Johnson & Johnson (J&J) on Thursday lost a third lawsuit over claims its baby talcum powder can cause ovarian cancer with a St. Louis jury awarding a California woman more than $70 million. Earlier two damage verdicts awarded against the company amounted to $72 million and $55 million. Both are being appealed.
J&J is accused in roughly 1,700 lawsuits in state and federal courts for ignoring research that has linked its products to cancer and also for failing to alert customers about the risk. Two of its products – baby powder and Shower-to-Shower talc – are particularly linked to ovarian cancer.
"It seemed like Johnson & Johnson didn't pay attention…It seemed like they didn't care," Billie Ray, 76, a juror in the case was quoted saying while adding that the company should have provided a warning label to allow consumers to decide for themselves.
Deborah Giannecchini, 62, was diagnosed with cancer three years ago and, according to her lawyers who have consulted medical professionals, despite her having undergone surgery, radiation and chemotherapy, she has an 80 percent chance of dying in the next two years. Deborah used J&J's baby powder for feminine hygiene for over forty years.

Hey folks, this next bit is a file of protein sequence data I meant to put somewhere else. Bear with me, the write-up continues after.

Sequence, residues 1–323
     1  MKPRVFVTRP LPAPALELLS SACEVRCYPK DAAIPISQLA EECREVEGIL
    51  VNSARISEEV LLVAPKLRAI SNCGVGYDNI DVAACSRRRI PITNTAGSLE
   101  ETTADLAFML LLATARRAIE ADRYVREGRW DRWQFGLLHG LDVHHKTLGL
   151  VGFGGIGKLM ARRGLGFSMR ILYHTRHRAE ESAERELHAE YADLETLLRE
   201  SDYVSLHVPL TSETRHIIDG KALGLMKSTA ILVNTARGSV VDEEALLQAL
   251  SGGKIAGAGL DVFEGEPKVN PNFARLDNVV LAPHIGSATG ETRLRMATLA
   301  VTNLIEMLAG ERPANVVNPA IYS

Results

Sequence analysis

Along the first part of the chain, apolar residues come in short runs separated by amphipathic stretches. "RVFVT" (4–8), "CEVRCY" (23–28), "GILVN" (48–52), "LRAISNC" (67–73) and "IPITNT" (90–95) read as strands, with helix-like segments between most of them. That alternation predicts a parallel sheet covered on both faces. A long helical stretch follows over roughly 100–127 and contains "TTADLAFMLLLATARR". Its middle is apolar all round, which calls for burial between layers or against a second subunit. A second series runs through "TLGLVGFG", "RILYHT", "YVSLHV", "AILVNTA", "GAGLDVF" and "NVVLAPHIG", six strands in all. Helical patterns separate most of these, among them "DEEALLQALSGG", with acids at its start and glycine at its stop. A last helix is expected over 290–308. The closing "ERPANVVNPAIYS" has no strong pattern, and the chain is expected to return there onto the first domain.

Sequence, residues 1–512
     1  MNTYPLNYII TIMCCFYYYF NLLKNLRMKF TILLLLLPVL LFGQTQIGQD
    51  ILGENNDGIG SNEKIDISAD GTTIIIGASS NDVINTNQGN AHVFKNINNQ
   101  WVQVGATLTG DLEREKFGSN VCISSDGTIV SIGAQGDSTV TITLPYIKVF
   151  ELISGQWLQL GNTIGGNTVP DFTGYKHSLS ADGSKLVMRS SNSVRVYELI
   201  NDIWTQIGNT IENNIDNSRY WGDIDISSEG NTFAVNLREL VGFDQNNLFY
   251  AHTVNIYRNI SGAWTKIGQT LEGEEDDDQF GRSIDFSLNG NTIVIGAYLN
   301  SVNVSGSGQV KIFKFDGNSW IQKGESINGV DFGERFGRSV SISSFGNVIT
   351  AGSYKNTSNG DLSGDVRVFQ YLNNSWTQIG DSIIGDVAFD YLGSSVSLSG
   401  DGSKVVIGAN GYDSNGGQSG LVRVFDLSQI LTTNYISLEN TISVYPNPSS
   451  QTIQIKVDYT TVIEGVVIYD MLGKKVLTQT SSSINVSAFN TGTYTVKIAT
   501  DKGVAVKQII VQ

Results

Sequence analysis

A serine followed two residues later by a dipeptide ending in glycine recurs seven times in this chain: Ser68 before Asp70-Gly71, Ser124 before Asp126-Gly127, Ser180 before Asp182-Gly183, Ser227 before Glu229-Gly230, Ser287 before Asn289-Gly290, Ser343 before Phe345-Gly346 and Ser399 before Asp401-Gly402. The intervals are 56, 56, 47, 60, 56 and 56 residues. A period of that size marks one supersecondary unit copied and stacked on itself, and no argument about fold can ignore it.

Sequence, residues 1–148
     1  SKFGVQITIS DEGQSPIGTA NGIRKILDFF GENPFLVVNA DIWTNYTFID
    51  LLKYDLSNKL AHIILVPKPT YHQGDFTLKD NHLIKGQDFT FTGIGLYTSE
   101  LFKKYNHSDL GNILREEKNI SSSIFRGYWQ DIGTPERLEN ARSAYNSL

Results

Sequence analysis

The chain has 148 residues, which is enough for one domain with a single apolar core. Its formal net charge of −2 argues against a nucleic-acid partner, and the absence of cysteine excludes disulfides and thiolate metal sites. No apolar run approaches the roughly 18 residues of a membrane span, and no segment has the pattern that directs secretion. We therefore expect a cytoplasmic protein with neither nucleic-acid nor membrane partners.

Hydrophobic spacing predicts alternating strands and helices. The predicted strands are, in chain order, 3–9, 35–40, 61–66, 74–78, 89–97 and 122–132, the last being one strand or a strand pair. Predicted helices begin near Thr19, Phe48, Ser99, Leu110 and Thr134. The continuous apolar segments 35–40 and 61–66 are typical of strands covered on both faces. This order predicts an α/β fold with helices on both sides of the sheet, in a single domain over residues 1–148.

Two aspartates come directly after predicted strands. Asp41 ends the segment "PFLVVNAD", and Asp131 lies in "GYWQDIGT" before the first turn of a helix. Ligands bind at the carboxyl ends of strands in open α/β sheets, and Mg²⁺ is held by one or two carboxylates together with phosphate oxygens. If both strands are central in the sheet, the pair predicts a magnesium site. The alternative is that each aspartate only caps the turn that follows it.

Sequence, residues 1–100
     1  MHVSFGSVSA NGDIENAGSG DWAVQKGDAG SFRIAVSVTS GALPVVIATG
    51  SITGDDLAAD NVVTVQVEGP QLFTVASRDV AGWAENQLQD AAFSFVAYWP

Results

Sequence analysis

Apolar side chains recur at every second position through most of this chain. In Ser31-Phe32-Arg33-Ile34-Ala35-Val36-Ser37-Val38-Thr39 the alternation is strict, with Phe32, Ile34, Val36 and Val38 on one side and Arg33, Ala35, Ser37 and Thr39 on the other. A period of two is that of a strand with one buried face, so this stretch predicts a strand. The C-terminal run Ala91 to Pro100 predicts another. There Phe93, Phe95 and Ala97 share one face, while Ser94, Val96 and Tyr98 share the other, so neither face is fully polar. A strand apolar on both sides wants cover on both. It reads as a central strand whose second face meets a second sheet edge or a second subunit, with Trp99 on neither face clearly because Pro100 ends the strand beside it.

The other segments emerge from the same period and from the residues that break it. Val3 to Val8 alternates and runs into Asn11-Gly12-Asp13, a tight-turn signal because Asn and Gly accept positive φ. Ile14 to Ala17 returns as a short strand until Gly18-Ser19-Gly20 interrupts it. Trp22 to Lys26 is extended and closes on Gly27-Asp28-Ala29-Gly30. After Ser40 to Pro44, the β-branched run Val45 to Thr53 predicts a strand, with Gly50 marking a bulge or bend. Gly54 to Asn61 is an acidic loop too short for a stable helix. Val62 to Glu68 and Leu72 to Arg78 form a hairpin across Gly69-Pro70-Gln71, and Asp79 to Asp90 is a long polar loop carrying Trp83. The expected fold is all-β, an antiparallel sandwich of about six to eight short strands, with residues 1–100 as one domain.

"I've waited for a long time for this…I've wanted this so badly," Giannecchini said after the verdict ordered J&J to pay $65 million in punitive damages and 90 percent of about $2.5 million for medical costs and pain and suffering.
The supplier of the talc and co-defendant in the case, Imerys Talc America, was also hit with $2.5 million in punitive damages. Company spokesman Dan Rene said that it's "disappointed'' with the verdict as Imerys had been cleared in the two prior St. Louis trials, as well as in two claims dismissed in New Jersey.
J&J has overtly denied any link to talc use and ovarian cancer.
"We are guided by the science, which supports the safety of Johnson's Baby Powder. Science, research, clinical evidence and decades of studies by medical experts around the world continue to support the safety of cosmetic talc,'' Carol Goodrich, company spokeswoman said, adding that the New Jersey dismissal decision "highlights the lack of scientific evidence behind plaintiffs' allegations."